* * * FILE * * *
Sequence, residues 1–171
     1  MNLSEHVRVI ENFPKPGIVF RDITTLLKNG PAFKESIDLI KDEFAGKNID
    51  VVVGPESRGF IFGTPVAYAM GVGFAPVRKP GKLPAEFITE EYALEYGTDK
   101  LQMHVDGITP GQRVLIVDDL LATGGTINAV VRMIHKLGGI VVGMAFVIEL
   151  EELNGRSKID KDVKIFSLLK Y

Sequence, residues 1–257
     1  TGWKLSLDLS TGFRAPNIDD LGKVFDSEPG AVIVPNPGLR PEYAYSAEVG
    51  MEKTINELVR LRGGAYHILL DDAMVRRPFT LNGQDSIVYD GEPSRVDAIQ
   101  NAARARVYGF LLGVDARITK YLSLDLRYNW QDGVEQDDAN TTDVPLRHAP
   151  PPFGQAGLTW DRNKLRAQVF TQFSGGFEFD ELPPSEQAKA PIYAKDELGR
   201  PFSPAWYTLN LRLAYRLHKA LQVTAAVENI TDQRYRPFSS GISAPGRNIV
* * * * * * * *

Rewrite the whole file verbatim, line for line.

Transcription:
Sequence, residues 1–171
     1  MNLSEHVRVI ENFPKPGIVF RDITTLLKNG PAFKESIDLI KDEFAGKNID
    51  VVVGPESRGF IFGTPVAYAM GVGFAPVRKP GKLPAEFITE EYALEYGTDK
   101  LQMHVDGITP GQRVLIVDDL LATGGTINAV VRMIHKLGGI VVGMAFVIEL
   151  EELNGRSKID KDVKIFSLLK Y

Sequence, residues 1–257
     1  TGWKLSLDLS TGFRAPNIDD LGKVFDSEPG AVIVPNPGLR PEYAYSAEVG
    51  MEKTINELVR LRGGAYHILL DDAMVRRPFT LNGQDSIVYD GEPSRVDAIQ
   101  NAARARVYGF LLGVDARITK YLSLDLRYNW QDGVEQDDAN TTDVPLRHAP
   151  PPFGQAGLTW DRNKLRAQVF TQFSGGFEFD ELPPSEQAKA PIYAKDELGR
   201  PFSPAWYTLN LRLAYRLHKA LQVTAAVENI TDQRYRPFSS GISAPGRNIV